It was further enacted that the proceeds should be preserved entire, as a permanent fund, and that the income derived from it was to be used in the support and maintenance of the college. It could not be used in the erection of buildings or otherwise diminished, except that ten per centum of the fund might be used for the purchase of sites or experimental farms, if so ordered by the Legislature of the State. In addition to this, it was provided that if any portion of the invested fund or interest thereon “shall, by any action or contingency, be lost, it shall be replaced by the State to which it belongs."

NATURE OF THE ACT PROVIDING FOR AGRICULTURAL AND MECHAN

ICAL SCHOOLS.

It is to be observed by the tenor of this act that the Federal Government intended the grant should form a nucleus in each of the several States, around which buildings, libraries, laboratories, workshops, gymnasiums, military halls, and other educational appliances should be grouped, by means of private munificence and State bounty. It was to prove a stimulus to the generosity of the people and the liberality of the States.

To this test the people, through private gifts, and municipal and State governments, have responded, with few exceptions, in a liberal way. Thirty-seven of these colleges formed under the land-scrip act

880-No.1-4

THE ORIGIN OF THE GRANT.

The origin of this gift must be sought in local communities. In this country all ideas of national education have arisen from those States that have felt the need of local institutions for the education of youth. In certain sections of the Union, particularly the North and West, where agriculture was one of the chief industries, it was felt that the old classical schools were not broad enough to cover all the wants of education represented by growing industries. There was consequently a revulsion from these schools toward the industrial and practical side of education.

Evidences of this movement are seen in the attempts in different States to found agricultural, technical, and industrial schools.

These ideas found their way into Congress, and a bill was introduced in 1858, which provided for the endowment of colleges for the teaching of agriculture and the mechanical arts. The bill was introduced by Hon. Justin S. Morrill, of Vermont; it was passed by a small majority, and was vetoed by President Buchanan. In 1862 the bill was again presented with slight changes, passed and signed, and became a law July 2, 1862.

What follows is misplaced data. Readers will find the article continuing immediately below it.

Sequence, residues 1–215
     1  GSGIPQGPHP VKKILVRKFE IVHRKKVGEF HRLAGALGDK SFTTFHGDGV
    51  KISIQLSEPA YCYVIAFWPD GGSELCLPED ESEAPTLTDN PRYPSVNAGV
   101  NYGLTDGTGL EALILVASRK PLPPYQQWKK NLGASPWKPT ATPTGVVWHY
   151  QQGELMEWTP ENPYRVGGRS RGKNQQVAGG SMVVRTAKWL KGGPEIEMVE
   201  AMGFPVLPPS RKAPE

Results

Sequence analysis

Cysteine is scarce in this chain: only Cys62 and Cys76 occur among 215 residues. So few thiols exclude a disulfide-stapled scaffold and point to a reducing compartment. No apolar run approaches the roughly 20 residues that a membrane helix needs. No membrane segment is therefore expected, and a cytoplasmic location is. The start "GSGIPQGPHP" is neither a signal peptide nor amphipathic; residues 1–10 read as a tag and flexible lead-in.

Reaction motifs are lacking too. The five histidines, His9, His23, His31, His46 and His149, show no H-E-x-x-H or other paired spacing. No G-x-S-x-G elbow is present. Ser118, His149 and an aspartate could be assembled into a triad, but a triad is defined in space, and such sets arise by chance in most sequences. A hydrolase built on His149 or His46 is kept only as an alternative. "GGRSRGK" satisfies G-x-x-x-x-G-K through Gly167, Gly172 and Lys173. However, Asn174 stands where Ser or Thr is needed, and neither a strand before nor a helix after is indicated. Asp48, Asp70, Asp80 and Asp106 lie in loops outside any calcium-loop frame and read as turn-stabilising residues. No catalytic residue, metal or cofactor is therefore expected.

PROVISIONS OF THE GRANT.

Without giving the entire text of this familiar act, a few of its main provisions will be mentioned. It stipulated to grant to each State thirty thousand acres of land for each Senator and Representative in Congress to which the States were respectively entitled by the census of 1860, for the purpose of endowing “ at least one college where the leading object shall be, without excluding other scientific and classical studies, and including military tactics, to teach such branches of learning as are related to agriculture and the mechanic arts, in such manner as the Legislatures of the States may respectively prescribe, in order to promote the liberal and practical education of the industrial classes in the several pursuits and professions of life.” It is to be noticed that the main requirement is to teach such branches of learning as are related to agriculture and the mechanic arts, and that, this being accomplished, such other studies as were thought proper could be introduced. Secondly, the defence of the nation was provided for by the suggestion concern. ing military tactics and the subsequent act pertaining thereto. Again, the “liberal” as well as the “practical” education of the industrial classes was sought after. And, finally, the youth were to be fitted for "pursuits and professions of life.”

From this proposition all sorts of schools sprang up, according to the local conception of the law and local demands. It was thought by some that boys were to be taught agriculture by working on a farm, and purely agricultural schools were founded with the mechanical arts attached. In other States classical schools of the stereotyped order were established, with more or less science; and, a gain, the endowment in others was de